My wife is a vegetarian. Has been for several years now. And I'm extremely proud of her because of it.
Being a vegetarian, even in the 21st Century, is very difficult, for a couple reasons. Try this: next time you go to Applebee's, see how many menu items you can spot that don't have meat in them. Some restaurants are getting better about offering vegetarian options (Burger King even has a veggie burger on the menu, believe it or not), but at most of these places vegetarians are left out in the cold. Much of the time, when we go out to eat, Jamie ends up with a side salad and a baked potato. And she has to ask the waiter to hold the bacon on both.
The hardest thing about being a vegetarian, though, is perception. When someone finds out Jamie is a vegetarian, they're stunned. No kidding - they're shocked. And I'm not talking about strangers, I'm talking about acquaintances, co-workers, even close friends and family. People have tried to talk her out of it. People have told her she's stupid for not eating meat. People have tried to convince her it's against the Bible's teachings to not eat meat.
People ask her why she's a vegetarian, and it's a complicated answer. But essentially, it was an ethical decision. Jamie loves animals, and she made a conscious choice that she'd rather not eat them.
And after decades of eating meat, Jamie stopped cold turkey (she even stopped eating cold turkey) and hasn't eaten meat since.
Jamie's my hero. She's the strongest person I've never known. I'm not that strong. I don't think I could ever stop eating meat.
But I think I've come up with a more ethical way to eat meat. Check it out:
The life of an animal has a certain value. Is the life of a rhinoceros more valuable than the life of an ostrich? Is the life of a beetle more valuable than the life of a walrus? A dog's life more valuable than a cat's?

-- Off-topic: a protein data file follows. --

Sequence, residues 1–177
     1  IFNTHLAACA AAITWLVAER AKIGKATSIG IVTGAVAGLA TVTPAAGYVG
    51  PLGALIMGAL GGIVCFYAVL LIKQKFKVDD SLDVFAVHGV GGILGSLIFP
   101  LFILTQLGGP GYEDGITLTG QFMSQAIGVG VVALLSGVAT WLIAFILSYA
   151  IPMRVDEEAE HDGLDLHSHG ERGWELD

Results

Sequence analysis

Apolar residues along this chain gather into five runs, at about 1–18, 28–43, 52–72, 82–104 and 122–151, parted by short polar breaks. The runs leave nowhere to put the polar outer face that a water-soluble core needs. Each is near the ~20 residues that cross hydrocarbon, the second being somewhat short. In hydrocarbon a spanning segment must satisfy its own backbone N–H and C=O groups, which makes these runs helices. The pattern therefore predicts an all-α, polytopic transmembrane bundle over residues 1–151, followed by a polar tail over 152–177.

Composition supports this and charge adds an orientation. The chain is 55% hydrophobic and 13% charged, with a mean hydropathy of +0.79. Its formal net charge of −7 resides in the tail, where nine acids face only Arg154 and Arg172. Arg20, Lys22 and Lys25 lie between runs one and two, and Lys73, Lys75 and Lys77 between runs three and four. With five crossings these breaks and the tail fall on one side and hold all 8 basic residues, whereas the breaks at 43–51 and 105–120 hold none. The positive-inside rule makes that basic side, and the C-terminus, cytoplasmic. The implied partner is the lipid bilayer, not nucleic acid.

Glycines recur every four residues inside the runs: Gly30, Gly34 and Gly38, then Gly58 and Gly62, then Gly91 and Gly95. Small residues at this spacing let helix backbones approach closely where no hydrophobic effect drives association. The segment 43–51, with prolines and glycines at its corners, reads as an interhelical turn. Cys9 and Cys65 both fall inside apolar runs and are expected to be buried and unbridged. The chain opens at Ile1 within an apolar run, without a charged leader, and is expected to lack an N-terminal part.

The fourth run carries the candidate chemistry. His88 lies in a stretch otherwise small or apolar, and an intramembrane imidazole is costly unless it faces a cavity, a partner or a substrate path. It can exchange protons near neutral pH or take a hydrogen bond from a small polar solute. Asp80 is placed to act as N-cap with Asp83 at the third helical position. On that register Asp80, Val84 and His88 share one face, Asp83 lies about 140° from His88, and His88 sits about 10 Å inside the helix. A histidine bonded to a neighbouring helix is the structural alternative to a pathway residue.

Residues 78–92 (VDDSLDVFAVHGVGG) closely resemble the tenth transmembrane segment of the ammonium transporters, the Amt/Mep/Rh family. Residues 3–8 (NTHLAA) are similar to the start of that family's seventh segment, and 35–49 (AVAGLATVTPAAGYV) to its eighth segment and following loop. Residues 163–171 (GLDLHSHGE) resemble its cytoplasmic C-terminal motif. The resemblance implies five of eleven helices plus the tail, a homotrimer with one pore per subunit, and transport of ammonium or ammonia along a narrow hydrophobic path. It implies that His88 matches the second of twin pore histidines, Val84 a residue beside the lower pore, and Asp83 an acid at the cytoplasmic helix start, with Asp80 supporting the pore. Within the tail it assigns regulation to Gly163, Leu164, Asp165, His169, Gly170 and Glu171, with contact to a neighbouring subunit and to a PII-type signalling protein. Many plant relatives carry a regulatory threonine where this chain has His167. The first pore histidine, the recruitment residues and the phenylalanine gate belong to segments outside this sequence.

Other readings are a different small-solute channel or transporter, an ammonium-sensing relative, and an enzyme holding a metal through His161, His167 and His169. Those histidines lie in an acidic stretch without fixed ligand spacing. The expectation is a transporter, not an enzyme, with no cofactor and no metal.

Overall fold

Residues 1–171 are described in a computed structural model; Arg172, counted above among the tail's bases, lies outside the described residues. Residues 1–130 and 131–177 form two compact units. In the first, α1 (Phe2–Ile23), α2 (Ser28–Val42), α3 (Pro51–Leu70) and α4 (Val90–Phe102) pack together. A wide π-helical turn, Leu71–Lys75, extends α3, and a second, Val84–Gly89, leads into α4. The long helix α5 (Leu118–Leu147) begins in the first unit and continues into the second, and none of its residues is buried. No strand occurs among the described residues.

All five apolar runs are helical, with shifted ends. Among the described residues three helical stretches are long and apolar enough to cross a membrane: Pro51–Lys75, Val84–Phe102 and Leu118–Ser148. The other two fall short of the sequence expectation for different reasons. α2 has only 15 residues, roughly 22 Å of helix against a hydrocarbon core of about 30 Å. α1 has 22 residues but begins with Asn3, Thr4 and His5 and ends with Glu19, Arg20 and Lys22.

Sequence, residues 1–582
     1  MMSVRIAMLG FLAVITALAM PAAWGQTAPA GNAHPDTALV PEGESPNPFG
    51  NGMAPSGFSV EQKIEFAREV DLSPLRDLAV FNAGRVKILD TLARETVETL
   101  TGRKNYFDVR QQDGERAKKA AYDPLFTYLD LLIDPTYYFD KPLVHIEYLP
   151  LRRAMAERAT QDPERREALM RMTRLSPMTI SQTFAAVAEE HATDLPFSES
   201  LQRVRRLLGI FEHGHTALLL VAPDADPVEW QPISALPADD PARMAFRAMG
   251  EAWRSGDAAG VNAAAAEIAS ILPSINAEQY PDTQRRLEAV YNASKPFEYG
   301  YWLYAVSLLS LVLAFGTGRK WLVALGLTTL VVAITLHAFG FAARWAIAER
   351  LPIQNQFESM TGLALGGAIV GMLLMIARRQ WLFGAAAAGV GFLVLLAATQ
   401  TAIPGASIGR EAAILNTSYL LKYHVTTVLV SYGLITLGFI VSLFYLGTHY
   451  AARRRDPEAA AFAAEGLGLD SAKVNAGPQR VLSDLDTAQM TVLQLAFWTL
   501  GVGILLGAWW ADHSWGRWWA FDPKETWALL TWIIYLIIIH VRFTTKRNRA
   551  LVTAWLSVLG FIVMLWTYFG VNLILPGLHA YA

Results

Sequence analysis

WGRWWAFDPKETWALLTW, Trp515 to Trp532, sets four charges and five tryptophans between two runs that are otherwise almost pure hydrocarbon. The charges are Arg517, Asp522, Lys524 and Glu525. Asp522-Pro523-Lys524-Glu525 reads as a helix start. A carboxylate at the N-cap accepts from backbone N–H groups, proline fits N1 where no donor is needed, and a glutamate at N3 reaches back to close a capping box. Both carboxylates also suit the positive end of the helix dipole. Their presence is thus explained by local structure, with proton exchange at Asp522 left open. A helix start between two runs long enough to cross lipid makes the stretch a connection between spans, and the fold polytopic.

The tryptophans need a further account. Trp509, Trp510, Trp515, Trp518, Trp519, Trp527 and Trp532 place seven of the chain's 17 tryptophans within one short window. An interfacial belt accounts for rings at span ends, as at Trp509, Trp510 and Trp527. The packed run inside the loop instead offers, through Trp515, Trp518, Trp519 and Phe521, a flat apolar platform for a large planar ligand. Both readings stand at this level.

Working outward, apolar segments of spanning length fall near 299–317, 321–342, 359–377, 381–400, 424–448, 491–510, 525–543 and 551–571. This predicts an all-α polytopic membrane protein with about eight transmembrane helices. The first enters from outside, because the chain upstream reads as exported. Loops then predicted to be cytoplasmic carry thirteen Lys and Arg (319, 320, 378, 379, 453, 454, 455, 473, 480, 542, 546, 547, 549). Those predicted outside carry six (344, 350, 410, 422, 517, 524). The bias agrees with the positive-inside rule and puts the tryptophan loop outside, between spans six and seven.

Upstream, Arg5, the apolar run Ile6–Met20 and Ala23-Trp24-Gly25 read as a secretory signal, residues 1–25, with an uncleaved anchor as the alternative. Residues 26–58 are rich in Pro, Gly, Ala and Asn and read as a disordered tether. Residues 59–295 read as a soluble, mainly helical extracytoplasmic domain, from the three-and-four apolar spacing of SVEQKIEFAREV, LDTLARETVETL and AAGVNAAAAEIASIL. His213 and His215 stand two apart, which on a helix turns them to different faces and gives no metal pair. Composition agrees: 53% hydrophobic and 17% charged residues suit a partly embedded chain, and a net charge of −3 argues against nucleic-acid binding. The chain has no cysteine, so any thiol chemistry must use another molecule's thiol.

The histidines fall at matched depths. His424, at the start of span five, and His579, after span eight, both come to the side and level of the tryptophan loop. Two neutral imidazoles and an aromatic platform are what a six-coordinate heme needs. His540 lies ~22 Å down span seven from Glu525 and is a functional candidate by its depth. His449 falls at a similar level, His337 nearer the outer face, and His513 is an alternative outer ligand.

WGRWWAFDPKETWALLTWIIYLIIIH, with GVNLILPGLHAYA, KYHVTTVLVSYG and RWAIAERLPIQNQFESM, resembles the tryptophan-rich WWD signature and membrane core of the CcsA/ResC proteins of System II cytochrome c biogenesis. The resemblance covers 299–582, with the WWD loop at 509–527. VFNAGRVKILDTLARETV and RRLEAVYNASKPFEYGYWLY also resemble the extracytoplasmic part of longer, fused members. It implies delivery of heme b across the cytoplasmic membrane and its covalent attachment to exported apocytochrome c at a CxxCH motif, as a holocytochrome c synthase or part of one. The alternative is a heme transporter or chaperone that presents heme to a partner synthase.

I don't think so. I contend each life has the same value.
In order to eat meat, though, you must end a life, or consent to the ending a life.
Therefore, it would be better if that life could feed lots of people instead of one or just a few.
So I give you the Large Animals Only Diet.
Take a cow, for example. An average-sized cow can feed a whopping 1,400 people! By comparison, people who enjoy shrimp often eat 10-20 in one meal. It's obviously better to end one life to feed 1,400 than to end 20 lives to feed one.
Here is a simple list of "Good" and "Bad" options on the animal spectrum.
GOOD: Beef. It's truly what's for dinner, and it's the wisest option for Large Animals Only eaters. A butcher shop can get 1,400 eight-ounce servings of beef out of one cow.
GOOD: Pork. A pig can feed up to 200 people. And the varieties found in pork is impressive: ham, pork roast, ribs, and mother freakin' BACON.
BAD: Chicken. That sucks. Chicken is delicious. Fried chicken is possibly the greatest-tasting food on the face of the earth. But a chicken only feeds 2-5 people, so it's off-limits in the Large Animals Only Diet. However, there's another poultry option...
GOOD: Turkey. A turkey can feed anywhere from 10-25 people - not bad for a bird. And turkey is widely available; you can get a turkey sandwich pretty much anywhere.
BAD: Tiny Seafood. In addition to shrimp, clams, mussels and oysters are terrible choices in this diet system. If you value animal life, killing a dozen of them for your dinner is not a good thing to do. But if you need seafood...
GOOD: Large Fish. Tuna, salmon, swordfish and even large catfish are good choices and can feed large amounts of people each.
BAD: Lobster. A news story I read several years ago is really what sparked this idea for me. The story was about a gigantic lobster caught by a fishing boat. Experts estimated the lobster was alive when Abraham Lincoln was in office. What did they do with the ancient crustacean? They ate it. It troubles me to think that the lobster I get in my surf-and-turf could be a hundred years old. And besides that, one lobster usually only feeds one or two people.
As I wrote at the beginning, I'm not very strong. There's a good chance that next week I might run across an all-you-can-eat buffet and eat a holocaust's worth of crab legs. But I'm definitely going to be conscious of the above rules from now on when I eat.
The next time I'm at a restaurant, if I've narrowed down my menu choices to chicken wings or a hamburger. I'll take the burger. Medium rare, please.